Senate Will Aim for Swift Action on ‘Unfinished Business’ of 2006 Special Session
TRENTON – The Senate will begin the 2010 legislative session by seeking swift action on measures that would complete the sweeping overhaul of the public employee pension and benefits system first proposed nearly three years ago, Senate President Stephen M. Sweeney announced today.
Senate President Sweeney made the announcement following a meeting of the Senate Democratic caucus. He was joined by Majority Leader Barbara Buono, Senate President Pro Temp Nia H. Gill, and Budget and Appropriations Committee Chairman Paul Sarlo.
“Unless we take action now, New Jersey’s pension system will implode, leaving thousands of rank and file workers penniless in retirement,” said Senate President Sweeney, D-Gloucester, Cumberland and Salem. “As a union leader and someone who helps provide health and retirement plans to workers in the private sector, I know that a promise of a secure retirement must be a promise kept. But the state will have no option but to renege on that promise for its public employees unless we reform the system. It’s time to finish the job we began nearly four years ago.”
Senate President Sweeney said he is seeking a dialogue with state worker unions, the Christie administration and fellow legislators to build common ground on the initiative.
“We owe it to New Jerseyans to move forward on pension and benefits reform,” said Senator Buono, D-Middlesex. “The state will never dig itself out of this budget hole or shore up its finances until we overhaul the way we provide for pensions and benefits.”
According to published reports, the various state pension plans are underfunded by approximately $30 billion. Also, due to the recent economic recession, the state and many municipalities are facing the possibility of not being able to meet their annual pension obligations.
Senate President Sweeney said the Senate will review several reforms proposed by the 2006 Special Session on Property Tax Reform’s Joint Legislative Committee on Pension and Benefits Reform. The bipartisan, bicameral committee made 41 specific recommendations to overhaul the current public employee pension and benefits system to ensure its long-term viability for career state employees. Fifteen recommendations were enacted legislatively; other reforms were achieved through collective bargaining.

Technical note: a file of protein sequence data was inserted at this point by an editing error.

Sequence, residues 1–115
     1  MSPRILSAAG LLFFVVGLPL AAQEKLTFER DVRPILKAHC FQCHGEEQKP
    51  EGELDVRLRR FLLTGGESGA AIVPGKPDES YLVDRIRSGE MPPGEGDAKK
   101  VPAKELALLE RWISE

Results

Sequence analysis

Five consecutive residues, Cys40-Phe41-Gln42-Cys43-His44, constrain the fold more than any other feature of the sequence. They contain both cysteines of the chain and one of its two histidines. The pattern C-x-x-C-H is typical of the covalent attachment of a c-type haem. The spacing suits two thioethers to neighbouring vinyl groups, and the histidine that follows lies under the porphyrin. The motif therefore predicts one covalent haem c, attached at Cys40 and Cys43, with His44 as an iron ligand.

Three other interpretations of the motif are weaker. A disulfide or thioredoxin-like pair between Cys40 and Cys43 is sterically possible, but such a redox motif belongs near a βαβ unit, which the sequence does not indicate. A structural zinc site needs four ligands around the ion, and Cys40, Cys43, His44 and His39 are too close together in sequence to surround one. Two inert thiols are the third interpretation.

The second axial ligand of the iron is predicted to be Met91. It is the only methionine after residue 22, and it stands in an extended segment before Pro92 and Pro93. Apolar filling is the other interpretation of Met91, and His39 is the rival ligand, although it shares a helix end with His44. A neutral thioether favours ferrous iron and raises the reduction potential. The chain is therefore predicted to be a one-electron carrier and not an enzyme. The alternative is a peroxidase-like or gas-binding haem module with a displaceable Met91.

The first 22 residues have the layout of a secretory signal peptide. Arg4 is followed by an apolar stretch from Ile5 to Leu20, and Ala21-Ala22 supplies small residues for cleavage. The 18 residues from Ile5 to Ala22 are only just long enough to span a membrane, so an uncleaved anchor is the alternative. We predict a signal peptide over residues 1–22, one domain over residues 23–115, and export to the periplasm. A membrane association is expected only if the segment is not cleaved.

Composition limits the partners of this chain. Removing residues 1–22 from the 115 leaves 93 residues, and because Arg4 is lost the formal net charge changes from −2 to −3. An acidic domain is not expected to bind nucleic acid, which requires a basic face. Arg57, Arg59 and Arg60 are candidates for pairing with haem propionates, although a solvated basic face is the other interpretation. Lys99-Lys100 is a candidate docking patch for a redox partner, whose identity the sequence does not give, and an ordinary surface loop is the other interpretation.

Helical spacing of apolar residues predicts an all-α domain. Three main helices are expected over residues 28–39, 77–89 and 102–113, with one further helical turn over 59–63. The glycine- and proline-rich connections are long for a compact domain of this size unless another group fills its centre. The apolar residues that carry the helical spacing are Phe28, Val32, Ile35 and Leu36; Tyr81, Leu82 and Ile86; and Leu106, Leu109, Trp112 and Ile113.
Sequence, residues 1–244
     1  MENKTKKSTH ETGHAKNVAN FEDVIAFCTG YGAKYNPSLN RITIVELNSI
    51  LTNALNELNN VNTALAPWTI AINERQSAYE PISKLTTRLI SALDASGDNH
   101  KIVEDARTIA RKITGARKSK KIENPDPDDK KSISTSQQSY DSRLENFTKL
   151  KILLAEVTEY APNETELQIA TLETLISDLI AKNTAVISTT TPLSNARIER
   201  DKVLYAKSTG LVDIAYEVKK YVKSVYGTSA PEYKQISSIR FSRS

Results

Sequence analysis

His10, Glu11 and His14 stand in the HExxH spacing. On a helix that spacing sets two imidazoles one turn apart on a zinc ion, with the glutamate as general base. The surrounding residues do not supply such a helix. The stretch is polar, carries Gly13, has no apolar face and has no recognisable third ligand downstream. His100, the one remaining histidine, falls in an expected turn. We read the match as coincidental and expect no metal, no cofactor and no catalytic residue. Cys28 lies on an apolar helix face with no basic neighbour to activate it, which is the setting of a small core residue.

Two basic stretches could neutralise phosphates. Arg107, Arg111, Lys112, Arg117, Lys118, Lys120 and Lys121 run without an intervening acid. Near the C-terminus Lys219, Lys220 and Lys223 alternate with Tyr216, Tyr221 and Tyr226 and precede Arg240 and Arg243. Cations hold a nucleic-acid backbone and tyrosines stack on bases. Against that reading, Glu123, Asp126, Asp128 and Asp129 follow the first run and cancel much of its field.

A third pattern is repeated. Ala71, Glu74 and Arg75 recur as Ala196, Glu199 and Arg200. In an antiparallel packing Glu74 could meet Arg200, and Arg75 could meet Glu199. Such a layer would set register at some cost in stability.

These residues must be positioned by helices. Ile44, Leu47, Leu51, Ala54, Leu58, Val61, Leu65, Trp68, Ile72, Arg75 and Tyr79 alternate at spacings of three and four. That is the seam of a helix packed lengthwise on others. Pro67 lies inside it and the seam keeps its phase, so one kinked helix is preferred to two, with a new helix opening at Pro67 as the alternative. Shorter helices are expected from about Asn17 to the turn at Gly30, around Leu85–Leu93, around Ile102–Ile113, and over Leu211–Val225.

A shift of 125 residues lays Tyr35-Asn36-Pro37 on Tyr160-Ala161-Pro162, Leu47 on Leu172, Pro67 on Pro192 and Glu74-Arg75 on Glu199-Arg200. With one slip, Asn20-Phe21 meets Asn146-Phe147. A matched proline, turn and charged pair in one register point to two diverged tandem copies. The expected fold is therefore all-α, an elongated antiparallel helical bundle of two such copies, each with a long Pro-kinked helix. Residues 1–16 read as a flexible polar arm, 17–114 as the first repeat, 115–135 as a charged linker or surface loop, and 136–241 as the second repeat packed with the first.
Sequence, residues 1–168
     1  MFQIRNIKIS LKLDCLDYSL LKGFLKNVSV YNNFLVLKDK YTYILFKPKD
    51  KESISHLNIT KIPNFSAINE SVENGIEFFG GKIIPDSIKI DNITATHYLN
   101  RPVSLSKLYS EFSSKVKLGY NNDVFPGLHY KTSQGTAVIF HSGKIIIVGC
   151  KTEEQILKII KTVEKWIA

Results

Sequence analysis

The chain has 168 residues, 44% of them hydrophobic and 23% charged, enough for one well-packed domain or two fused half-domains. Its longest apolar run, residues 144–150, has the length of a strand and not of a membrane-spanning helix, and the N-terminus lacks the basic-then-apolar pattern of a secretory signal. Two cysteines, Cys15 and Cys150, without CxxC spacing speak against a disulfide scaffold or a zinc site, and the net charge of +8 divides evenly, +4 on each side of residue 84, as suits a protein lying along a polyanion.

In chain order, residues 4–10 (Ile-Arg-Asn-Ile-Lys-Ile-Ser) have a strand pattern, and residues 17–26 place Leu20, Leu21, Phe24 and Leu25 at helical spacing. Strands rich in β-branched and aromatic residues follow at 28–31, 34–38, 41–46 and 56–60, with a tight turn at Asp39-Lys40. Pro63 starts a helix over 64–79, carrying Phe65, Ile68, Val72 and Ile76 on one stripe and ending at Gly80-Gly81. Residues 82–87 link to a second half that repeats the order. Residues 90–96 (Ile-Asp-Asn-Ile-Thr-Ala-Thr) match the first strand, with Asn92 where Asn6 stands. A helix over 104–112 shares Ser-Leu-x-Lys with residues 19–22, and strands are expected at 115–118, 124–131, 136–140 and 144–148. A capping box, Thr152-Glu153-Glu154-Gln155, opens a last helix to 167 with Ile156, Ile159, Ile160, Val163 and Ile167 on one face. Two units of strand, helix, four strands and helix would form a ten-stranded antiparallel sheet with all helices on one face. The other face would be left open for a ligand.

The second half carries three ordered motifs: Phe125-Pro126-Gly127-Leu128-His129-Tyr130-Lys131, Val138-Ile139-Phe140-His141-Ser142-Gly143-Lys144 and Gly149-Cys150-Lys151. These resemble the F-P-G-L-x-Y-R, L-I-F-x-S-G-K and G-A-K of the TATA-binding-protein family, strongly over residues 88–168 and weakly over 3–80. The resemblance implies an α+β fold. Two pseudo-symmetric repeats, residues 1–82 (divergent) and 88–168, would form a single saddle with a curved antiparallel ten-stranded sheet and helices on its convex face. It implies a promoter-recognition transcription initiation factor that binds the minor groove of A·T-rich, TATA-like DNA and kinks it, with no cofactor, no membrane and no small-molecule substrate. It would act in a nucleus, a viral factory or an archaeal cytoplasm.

The joint committee was the only one of four where all Democratic and Republican members agreed upon the final set of recommendations. Senate President Sweeney specifically lauded the efforts of Senators Nick Scutari, D-Union, Middlesex and Somerset – who co-chaired the joint committee – and Kevin O’Toole, R-Essex, Bergen and Passaic.
“The Senate must be prepared to tackle the unfinished business of the joint session,” said Senate President Sweeney. “Three years after the special session ended, applying its bipartisan recommendations is more important than ever.”
Among the concepts that Senate President Sweeney said the Senate must revisit include rolling-back a nine-percent increase legislatively enacted in 2001 which resulted in a significant increase in the pension fund’s unfunded liability, increasing the number of “high salary” years used to calculate pension benefits from the average of three years to the average of at least five years, requiring all part-time employees to enroll into a defined contribution plan instead of the pension system and allowing all current non-vested public employees to opt into a defined contribution retirement plan.
“Getting a handle on the amount spent on pensions and benefits will help governments at all levels relieve the tremendous fiscal stress they face now and in the future,” said Senator Sarlo, D-Bergen, Essex, and Passaic. “Taxpayers and career public servants can both come out winners from a system that is built on a foundation of common sense.”
“As with most things, our ultimate goal is fundamental fairness,” said Senator Gill, D-Essex and Passaic. “Our pension system was created to support the men and women who dedicate their entire careers to serving the residents of New Jersey. Out of fairness to them, we must ensure that no one be allowed to game the system at the expense of the public.”
Senate President Sweeney said he has asked legislative staff to begin drafting legislation on the remaining measures, so they can be introduced and ready for consideration by the Senate State Government Committee.